With the returns of Elias, Dainius Zubrus, Travis Zajac, and newly signed Adam Henrique, there will be several familiar faces on the front line for New Jersey. Specifically against the Peter Laviolette coached Flyers, at least in the last two seasons, the Devils forwards excel at putting defenders in a difficult situation and exposing weaknesses on the back-end. Few teams ‘manufacture’ goals like the Devils, pinning teams in the defensive zone and cycling through lines until exhaustion gets the best of their opponents. The additions of Jagr, Ryan Clowe, who spent last year on the Rangers, and Michael Ryder should supplement their current crop of forwards with a group that is well-versed in heavy puck possession and patience in the offensive zone.

Steve Bernier, a former 1st round pick of the Sharks, turned in a respectable season for the Devils, chipping in 8 goals and 7 assists. Centerman Ryan Carter should expect to see his time trend upward a bit with the departure of Kovalchuk. Carter dealt with some concussion issues in 2013, a potentially troubling development should any symptoms resurface, as the Devils are already quite thin at center.

As far as their prospect pool, while there are a couple of players who could fill in on the 3rd or 4th line for New Jersey, there is very little as far as impact offensive threats waiting in the wings. For at least the next season, the brunt of the scoring, from the forwards at least, will come from the veteran presences on the team.

Elias, whose age never seems to catch up with him, will take over as the team’s most prolific scoring threat with the departure of Kovalchuk. Elias actually outscored the Russian superstar by five points in 2013, albeit in 11 more games. Even so, Elias is one of the most notable offensive threats in Devils history and should continue to consistently factor into the Devils scoring breakdown next season.

Jun 14, 2013; Chicago, IL, USA; Boston Bruins right wing Jaromir Jagr during practice the day before game two of the 2013 Stanley Cup Final against the Chicago Blackhawks at the United Center. Mandatory Credit: Jerry Lai-USA TODAY Sports

Jagr turned in another extremely impressive campaign in 2013, scoring 16 goals and adding 19 assists in 45 games between the Stars and Devils. There are certain points where one has to scratch his or her head at some of the things Jagr, at 41 years old, is still able to do. Having said that, he appeared to putter out down the stretch in the playoffs, and considering his similar decline with the Flyers in 2011-2012, it is difficult to imagine a similar trend not resurfacing for New Jersey.

Clowe and Ryder will be expected to chip in a substantial amount in the scoring department in their first respective years with the team. Clowe, as long as his concussion symptoms do not resurface, has a deft touch around the net and should benefit from extensive time in the offensive zone. In his heyday, Ryder had one of the more impressive all-around offensive arsenals. While he still shows flashes, the Devils will have to try to put Ryder in as many situations to excel as possible, as he is not able to dominate throughout the game as he once was.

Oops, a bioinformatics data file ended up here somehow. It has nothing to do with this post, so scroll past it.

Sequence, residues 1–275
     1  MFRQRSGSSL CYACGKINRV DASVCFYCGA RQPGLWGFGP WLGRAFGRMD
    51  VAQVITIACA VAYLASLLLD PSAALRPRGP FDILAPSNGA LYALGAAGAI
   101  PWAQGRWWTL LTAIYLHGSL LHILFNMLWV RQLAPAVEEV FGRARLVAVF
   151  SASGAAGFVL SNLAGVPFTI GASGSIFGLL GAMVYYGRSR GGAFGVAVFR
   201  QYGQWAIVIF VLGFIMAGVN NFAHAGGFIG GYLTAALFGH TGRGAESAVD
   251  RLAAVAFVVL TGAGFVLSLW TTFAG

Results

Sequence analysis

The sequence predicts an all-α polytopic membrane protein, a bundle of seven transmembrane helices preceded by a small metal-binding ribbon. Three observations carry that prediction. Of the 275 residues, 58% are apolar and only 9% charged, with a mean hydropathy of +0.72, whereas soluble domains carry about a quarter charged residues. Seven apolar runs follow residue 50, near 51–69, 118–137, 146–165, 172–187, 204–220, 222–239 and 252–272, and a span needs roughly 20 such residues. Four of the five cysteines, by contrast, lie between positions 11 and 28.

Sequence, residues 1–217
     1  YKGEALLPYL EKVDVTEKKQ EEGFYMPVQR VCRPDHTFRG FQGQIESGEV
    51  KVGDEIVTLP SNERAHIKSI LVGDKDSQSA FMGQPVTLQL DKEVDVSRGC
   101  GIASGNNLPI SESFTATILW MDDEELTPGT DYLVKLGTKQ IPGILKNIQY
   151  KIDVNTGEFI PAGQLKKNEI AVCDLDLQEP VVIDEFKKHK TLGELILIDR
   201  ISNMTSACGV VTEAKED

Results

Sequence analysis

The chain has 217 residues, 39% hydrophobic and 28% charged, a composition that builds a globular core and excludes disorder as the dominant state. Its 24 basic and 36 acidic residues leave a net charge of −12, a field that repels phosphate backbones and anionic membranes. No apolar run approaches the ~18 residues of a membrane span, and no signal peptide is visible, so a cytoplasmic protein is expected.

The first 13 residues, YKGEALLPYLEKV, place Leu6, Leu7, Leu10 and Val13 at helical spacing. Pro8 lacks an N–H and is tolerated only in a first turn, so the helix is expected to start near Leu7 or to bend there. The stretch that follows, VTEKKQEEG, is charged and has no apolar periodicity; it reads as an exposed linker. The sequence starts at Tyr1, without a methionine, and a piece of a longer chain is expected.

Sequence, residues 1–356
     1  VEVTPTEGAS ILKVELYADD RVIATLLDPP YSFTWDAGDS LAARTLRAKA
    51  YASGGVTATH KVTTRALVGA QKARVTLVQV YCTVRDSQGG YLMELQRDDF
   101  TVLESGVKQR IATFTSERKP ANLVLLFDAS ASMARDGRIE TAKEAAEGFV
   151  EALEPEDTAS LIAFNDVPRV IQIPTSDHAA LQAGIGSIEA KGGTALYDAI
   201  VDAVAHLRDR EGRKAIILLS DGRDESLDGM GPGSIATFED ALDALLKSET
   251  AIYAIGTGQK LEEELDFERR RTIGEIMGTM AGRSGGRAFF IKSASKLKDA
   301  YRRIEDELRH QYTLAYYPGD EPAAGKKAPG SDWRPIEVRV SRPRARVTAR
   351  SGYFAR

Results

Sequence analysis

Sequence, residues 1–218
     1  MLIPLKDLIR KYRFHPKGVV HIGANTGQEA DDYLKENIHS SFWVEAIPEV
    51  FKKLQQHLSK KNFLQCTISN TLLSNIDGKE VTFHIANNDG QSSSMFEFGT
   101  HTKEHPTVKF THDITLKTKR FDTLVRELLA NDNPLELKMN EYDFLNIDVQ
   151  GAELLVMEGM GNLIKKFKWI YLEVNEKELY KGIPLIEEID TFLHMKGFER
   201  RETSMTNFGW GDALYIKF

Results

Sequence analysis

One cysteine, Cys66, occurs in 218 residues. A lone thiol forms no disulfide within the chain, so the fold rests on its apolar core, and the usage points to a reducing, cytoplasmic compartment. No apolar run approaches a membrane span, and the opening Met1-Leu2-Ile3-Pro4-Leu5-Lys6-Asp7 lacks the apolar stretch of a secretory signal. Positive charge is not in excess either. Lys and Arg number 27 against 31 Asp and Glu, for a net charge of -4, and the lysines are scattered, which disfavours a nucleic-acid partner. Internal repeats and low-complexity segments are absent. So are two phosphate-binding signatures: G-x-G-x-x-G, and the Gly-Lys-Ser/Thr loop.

The Devils mantra has never been outscoring teams, and that trend will most definitely continue this season. The primary responsibility for Devils forwards have been to grind teams down with the forecheck and put their top two lines in better scoring situations. While I think this crop of forwards will be able to continue to do this, one has to wonder if the top lines can score as much when they need to and allow the team philosophy to succeed in the division.


Apr 7, 2013; Buffalo, NY, USA; New Jersey Devils defenseman Anton Volchenkov (28) during the game against the Buffalo Sabres at the First Niagara Center. Sabres beat the Devils 3-2 in a shootout. Mandatory Credit: Kevin Hoffman-USA TODAY Sports

While the Devils offensive corps is nothing to look twice at, New Jersey’s crop of blue liners is as impressive as ever, even if not the flashiest. Offensive-minded veterans Marek Zidlicky and Andy Greene return for another year after both finished in the top-10 on the team in points, regardless of position. Following the 2011-2012 season and postseason, 2011 4th overall pick Adam Larsson looked like one of the most promising young two-way defensemen in the league. However, Larsson regressed substantially in his second season, tallying only six points and having his average time on ice dip more than two minutes a game. While the Devils defensive corps is as solid a unit as there is in the league, if they have any aspirations of making the playoffs, they will need Larsson to regain, and even improve on, the game he showed his rookie season. While defensive prospects can sometimes be difficult as far as maintaining a steady developmental track, the Devils know how important Larsson is to the future of their franchise and, considering their history of world-class D-men, I would bet Larsson takes a huge step forward this season.

In addition to an impressive collection of offensive-minded defensemen, the Devils roster contains some of the premiere stay-at-home players in the game. Between Anton Volchenkov, captain Bryce Salvador, and Mark Fayne, an impressive, young defensive defenseman who logged solid minutes for the Devils in 2013 and posted a +6 rating, good for second on the team.